Economic behavior and emotion reports in trust game interactions with fellow humans and robots.

Published: 01-09-2019| Version 1 | DOI: 10.17632/gz35m94jkn.1
Contributors:
Eric Schniter,
Timothy Shields

Description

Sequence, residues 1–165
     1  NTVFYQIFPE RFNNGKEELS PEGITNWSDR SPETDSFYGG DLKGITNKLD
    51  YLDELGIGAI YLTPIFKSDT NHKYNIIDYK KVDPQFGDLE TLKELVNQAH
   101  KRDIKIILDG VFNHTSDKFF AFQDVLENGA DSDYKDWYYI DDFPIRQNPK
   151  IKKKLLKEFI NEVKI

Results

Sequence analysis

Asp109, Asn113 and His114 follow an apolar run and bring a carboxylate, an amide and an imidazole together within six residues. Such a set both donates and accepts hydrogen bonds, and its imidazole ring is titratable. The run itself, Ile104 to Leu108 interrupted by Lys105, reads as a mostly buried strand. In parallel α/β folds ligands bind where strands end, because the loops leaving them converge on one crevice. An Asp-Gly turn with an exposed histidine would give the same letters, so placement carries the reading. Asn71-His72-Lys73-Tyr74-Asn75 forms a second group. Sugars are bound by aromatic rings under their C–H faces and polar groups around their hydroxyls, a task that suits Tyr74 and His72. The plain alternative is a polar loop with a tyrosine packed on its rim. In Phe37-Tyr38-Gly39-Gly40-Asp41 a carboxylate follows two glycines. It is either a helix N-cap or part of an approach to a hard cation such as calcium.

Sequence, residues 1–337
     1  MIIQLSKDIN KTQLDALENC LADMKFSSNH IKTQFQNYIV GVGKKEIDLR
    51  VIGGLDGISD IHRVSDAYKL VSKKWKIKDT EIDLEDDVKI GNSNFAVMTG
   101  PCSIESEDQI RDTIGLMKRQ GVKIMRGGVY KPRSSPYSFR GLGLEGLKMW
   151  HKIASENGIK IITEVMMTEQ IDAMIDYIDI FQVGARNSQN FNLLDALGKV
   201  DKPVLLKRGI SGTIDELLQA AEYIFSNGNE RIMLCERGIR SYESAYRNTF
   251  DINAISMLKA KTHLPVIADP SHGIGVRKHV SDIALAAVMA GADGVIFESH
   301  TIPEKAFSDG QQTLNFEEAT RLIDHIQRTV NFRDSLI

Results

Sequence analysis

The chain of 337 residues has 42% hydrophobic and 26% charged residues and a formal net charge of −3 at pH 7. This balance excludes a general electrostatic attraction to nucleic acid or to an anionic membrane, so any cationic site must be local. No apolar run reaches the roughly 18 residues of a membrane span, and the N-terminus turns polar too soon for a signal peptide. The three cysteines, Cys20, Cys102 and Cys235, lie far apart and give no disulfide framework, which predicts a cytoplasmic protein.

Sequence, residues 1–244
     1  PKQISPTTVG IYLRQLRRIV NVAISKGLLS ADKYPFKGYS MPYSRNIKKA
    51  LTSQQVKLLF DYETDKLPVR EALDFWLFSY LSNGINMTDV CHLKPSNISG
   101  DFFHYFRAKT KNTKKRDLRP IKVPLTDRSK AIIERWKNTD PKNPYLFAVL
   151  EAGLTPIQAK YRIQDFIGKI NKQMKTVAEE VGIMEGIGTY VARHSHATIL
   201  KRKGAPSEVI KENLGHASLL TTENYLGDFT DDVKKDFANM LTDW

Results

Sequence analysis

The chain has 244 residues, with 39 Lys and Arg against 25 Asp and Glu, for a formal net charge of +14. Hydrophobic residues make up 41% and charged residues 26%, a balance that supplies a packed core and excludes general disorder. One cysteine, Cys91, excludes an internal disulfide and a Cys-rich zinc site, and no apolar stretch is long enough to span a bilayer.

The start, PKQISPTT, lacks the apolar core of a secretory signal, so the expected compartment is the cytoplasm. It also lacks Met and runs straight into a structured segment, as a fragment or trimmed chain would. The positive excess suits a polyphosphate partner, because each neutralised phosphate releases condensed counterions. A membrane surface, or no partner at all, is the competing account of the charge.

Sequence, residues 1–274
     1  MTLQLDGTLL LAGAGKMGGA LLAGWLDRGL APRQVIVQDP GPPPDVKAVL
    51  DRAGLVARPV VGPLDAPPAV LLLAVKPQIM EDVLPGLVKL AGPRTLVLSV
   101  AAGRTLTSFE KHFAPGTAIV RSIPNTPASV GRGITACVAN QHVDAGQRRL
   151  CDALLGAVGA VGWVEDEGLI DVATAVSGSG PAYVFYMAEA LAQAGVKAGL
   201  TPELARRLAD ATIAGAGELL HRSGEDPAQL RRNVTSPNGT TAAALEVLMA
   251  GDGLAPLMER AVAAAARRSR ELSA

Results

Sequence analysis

In Schniter, Shields, and Sznycer (2019) we focus our research on key issues relevant to the topic of trust-based interactions with robots (i.e., agentic forms of artificial intelligence (AI) and automation): (i) that people may not trust robots as they do humans, and (ii) that people may react to robots with different emotions. Using laboratory experiments that model trust-based interactions, we compare trust-based investment and emotions from across three nearly identical economic games: human-human trust games, human-robot trust games, and human-robot trust games where the robot decision also affects another human. In each of these trust games, a human trustor decides how much of a ten dollar endowment to entrust to a trustee (e.g. a fellow human, a robot). The experimenter multiplies the entrusted amount by three - creating potential gains from trust. Then the trustee receives this and decides how much to reciprocate to the trustor. We explain to participants who interact with them that the robots are programmed to mimic humans: they make automated reciprocity decisions based on previously observed behaviors by humans in analogous situations. After conclusions of the trust-game interactions, we provide participants feedback about their interactions and then participants rate how much they feel various positive and negative emotions. In this companion publication, we provide the raw data generated by participants (N = 397) in the role of "Investor" (“Person 1” in the participants’ instructions) and also "Trustee" (either “Person 2” or “the Robot”, depending on condition in the participants’ instructions) in our trust game experiment. This data is organized into two parts (1) the participants’ economic behavior in the trust games and their emotion reports from the post-game questionnaire, (2) a codebook explaining participants’ data.

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